I Melt with You (2011)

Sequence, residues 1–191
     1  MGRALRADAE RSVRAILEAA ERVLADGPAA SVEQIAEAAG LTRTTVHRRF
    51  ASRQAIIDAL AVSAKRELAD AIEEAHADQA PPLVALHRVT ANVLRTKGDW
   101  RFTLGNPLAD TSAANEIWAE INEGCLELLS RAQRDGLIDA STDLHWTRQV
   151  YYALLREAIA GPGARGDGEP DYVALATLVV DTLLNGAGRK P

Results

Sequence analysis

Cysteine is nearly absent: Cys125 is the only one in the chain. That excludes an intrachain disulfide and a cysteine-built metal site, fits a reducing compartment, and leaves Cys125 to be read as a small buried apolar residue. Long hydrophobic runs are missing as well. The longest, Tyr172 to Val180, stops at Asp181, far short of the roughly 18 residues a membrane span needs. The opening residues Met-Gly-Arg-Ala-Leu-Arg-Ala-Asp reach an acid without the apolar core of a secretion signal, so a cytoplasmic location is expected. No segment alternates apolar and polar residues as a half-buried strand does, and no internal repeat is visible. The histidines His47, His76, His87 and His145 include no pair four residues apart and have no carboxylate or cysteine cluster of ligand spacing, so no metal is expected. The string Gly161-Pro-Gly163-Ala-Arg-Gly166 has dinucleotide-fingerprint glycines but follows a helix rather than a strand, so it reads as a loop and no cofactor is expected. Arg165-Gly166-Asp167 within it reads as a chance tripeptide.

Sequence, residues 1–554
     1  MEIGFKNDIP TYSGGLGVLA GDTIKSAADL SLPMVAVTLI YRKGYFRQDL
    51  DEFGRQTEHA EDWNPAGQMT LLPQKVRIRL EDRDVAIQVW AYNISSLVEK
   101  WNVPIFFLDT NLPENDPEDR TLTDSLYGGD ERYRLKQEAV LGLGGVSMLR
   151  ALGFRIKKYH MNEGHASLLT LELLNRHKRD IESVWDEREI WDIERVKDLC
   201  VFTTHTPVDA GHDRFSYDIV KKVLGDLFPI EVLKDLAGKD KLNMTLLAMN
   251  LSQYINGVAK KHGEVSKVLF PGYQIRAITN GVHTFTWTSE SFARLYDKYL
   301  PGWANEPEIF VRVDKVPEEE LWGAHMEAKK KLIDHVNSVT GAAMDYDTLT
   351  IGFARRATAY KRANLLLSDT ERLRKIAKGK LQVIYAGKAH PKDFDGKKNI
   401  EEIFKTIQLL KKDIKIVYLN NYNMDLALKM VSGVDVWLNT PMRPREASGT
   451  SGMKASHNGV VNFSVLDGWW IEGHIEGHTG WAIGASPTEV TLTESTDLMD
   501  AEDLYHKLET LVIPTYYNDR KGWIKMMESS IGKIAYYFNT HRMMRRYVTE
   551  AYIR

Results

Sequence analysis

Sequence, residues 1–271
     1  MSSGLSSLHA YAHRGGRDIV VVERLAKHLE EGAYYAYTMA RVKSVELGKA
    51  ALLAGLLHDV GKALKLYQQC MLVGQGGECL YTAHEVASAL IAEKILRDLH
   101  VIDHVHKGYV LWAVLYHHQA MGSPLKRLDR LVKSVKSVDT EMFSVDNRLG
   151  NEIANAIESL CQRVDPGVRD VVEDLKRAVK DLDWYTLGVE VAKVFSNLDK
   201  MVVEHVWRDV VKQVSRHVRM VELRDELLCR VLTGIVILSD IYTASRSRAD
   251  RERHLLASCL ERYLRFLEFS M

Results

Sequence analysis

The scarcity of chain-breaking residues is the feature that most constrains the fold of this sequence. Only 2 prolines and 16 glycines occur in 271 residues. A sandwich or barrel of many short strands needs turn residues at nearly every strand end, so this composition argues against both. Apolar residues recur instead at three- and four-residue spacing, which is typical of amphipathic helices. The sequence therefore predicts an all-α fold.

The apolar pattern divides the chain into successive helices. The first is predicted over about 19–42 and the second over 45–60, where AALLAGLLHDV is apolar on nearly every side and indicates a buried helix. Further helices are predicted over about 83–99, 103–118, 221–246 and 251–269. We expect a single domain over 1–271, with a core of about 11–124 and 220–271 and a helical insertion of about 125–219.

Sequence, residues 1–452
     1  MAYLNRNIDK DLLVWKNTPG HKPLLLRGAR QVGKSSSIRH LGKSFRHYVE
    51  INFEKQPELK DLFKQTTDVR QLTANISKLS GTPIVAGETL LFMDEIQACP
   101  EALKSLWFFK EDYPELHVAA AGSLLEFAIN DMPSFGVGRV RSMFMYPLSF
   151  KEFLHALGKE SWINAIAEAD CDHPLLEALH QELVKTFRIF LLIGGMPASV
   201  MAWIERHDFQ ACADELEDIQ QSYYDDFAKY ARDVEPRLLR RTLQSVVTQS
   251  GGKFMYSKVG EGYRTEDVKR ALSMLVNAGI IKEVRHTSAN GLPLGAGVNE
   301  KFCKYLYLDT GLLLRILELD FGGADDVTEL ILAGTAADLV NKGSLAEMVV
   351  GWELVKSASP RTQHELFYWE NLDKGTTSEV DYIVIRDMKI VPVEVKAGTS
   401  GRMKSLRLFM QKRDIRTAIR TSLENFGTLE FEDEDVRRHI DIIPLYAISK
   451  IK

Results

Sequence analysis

If you weren't already disillusioned about reaching middle-age, this self-absorbed romanticizer of cowardice and excess does its best to get you there. It's an evocative and sporadically poignant, but irremissibly bleak and self-righteous film about four once idealistic guys who in their mid-40s meet up for a summer reunion and find that they haven't been able to live up to their own expectations. What follows is a glorification of drugs, individuality and suicide, which director Mark Pellington presumably wanted to evolve into or be interpreted as a criticism of western culture and the time we live in. Strangely, I find Pellington's filmmaking more representative of just that than critical of it, if you get my drift. And the quasi-philosophical, all-important plot device which fuels the second half of the film arguably requires of the viewer a consumption of drugs on par with that of the film's protagonists in order to come off as remotely relevant enough to justify what unfolds, even if you're in the middle of a serious midlife crisis yourself. Fine acting, especially by Lowe and Piven, is among this film's few redeeming qualities.